Thyristor Firing Types Explained

 

When deciding which thyristor is best for your process, you will need to Thyristors CD Automation 2consider a number of factors such as the load amperage and type, but a major one is which firing type you need.  This sometimes confuses people as they think that thyristors just switch power on and off which is essentially true but at what phase of the cycle they do this can have a huge impact on their usage. 

There are two main types: zero voltage crossover firing and non-zero voltage crossover firing.  Which one will be most appropriate for your operation will depend largely on what level of control you require, the type of load and heating elements and how much Radio Frequency Interference (RFI) you can tolerate.

Zero Voltage Crossover Firing

This type of thyristor only gates when the voltage across it is zero.  It stays on once triggered until the conducted current drops to zero which occurs naturally every ½ cycle in an AC waveform.  They have two firing types: ON/OFF and Time Proportioned on/off which is sometimes called Burst Firing.

ON/OFF

These power controllers are controlled in a simple way.  They’re off if no input signal is present, or fully on if an input signal is present. An operator or some external hardware is required to determine when the controller should turn on and when it should turn off.  These are commonly used to replace mechanical switches to reduce RFI, speed up switching times and last longer without wearing out.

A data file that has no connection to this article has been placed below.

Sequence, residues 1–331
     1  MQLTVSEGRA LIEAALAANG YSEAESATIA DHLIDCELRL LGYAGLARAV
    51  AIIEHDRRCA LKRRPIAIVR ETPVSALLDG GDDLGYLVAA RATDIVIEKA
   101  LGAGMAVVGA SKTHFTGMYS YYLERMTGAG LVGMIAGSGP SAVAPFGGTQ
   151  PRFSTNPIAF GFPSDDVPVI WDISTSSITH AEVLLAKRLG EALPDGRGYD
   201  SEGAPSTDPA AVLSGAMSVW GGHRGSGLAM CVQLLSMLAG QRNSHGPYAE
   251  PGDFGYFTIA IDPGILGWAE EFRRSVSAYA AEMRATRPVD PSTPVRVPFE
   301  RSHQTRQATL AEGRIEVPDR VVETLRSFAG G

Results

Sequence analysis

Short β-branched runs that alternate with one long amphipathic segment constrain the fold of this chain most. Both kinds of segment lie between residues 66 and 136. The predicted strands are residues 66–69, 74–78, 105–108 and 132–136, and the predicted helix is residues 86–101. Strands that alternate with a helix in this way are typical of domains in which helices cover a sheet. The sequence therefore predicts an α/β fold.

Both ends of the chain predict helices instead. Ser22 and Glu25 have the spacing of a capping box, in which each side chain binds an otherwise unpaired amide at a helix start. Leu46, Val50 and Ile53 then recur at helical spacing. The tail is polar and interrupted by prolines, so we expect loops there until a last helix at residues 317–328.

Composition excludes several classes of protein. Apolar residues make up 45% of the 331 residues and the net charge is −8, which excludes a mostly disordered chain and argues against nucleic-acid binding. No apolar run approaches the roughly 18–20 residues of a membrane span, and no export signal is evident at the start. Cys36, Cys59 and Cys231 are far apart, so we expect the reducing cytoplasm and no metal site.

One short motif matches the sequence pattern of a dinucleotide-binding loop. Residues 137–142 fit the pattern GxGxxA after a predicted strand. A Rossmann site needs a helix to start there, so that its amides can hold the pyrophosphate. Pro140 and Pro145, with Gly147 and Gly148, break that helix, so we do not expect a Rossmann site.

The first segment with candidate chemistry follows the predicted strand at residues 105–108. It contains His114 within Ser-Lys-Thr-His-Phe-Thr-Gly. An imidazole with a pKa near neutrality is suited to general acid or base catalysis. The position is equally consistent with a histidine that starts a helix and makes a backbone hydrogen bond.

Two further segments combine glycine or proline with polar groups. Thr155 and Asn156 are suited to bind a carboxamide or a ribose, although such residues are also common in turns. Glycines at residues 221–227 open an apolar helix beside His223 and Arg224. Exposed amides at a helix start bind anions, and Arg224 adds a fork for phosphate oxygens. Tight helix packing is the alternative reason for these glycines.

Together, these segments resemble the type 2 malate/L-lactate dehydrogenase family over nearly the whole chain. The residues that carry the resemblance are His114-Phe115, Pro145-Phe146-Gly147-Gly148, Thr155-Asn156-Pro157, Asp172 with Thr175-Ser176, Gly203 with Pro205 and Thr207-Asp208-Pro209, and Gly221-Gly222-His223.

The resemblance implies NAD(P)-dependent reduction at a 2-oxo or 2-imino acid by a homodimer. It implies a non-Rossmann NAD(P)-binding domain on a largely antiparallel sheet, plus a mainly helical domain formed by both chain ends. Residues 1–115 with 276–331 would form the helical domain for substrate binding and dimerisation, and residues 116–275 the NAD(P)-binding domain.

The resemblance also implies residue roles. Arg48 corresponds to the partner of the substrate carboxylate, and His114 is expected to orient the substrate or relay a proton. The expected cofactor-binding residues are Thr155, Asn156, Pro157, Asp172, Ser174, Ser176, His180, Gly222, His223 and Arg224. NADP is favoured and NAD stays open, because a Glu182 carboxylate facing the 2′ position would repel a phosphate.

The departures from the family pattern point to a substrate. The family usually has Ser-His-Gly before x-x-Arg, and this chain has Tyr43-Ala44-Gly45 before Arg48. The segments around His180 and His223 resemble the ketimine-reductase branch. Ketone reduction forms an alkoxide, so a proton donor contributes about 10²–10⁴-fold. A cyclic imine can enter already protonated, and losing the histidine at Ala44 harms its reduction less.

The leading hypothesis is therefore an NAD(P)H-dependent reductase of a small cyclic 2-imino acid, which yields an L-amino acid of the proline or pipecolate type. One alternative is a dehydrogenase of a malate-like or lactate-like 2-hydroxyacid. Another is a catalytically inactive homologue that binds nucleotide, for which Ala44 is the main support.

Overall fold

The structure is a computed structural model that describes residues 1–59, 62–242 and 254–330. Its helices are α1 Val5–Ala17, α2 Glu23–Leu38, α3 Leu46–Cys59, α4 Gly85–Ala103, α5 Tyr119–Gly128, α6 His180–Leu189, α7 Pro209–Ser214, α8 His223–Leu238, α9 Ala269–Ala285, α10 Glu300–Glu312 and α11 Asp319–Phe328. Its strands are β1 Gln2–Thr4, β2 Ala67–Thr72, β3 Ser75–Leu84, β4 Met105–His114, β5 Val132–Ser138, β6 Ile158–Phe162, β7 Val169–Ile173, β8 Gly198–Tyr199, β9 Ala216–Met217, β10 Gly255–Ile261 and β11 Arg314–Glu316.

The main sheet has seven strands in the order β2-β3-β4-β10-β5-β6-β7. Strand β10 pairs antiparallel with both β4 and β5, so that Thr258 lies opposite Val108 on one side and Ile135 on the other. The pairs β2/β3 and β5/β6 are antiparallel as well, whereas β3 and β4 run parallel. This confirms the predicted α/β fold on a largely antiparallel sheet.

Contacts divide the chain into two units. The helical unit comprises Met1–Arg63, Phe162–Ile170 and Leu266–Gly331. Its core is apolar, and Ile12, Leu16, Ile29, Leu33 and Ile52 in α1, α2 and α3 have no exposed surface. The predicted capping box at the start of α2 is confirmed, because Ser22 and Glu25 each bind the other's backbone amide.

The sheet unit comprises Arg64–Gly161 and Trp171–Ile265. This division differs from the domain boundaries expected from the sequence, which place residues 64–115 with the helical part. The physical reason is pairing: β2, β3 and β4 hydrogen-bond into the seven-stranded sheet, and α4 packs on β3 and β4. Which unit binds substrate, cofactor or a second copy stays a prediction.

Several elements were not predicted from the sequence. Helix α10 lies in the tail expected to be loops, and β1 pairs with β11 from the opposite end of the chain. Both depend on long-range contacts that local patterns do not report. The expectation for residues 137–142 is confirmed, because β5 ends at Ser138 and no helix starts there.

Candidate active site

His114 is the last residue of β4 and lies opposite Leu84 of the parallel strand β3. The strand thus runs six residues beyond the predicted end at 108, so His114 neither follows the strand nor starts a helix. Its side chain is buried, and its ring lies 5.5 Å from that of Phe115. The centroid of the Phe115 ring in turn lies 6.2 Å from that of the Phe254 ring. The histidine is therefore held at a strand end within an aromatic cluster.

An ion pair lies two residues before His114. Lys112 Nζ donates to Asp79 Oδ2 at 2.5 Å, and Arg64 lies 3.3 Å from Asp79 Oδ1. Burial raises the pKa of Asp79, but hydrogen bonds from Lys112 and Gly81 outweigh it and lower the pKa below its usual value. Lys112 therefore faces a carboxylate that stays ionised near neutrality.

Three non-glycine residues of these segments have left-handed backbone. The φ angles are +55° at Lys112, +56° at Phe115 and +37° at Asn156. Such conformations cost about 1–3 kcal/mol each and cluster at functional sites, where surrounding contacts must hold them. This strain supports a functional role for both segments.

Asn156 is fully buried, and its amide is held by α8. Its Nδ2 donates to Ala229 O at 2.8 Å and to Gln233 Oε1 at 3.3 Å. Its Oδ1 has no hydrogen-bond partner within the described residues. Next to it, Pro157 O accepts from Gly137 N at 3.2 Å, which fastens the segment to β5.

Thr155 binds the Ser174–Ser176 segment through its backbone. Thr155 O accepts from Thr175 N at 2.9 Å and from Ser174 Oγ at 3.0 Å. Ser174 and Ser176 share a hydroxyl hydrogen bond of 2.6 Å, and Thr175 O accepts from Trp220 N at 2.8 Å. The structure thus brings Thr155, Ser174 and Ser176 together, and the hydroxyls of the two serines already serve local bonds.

Zero crossing thyristor firing

Time Proportional ON/OFF (Burst Firing)

Similar to the previous type of thyristor firing, these can be fully on or fully off but are controlled by a separate controller that monitors the progress of the process and adjusts the output accordingly.  It does this by using a fixed time base with an output proportioned to that time base.  Here’s an example: if the time base is 1 second and 50% of the output is required, the output will be on for half a second.

Burst Firing Thyristor - CD Automation

Non-Zero Voltage Crossover Firing

There’s only one type of non-zero voltage crossover firing type and they are sometimes called phase angle firing thyristors.  Rather than turning on and off when the voltage drops to zero, these thyristors section the AC cycle into much smaller parts and can fire during any of these sections.  This means a much tighter control of the current which is essential for current limitation and soft starting.  A disadvantage to these controllers is that switching high voltages creates large amounts of RFI which can interfere with radio communications and computer operations.  People wanting to use these controllers can use shielding to minimise the interference.  They are also more complex than zero voltage crossover firing thyristors so can be more difficult to service and less reliable.

Phase Angle - CD Automation Thyristor

Combination Controllers

It is possible to combine the two main types to facilitate soft starting using the phase angle controllers which then switch over to the zero crossover controllers once the unit is at full power.

Knowing which of these controllers is best for your operation can be quite difficult.  They also come in a variety of sizes so we at CD Automation can advise you on the best one for your needs.

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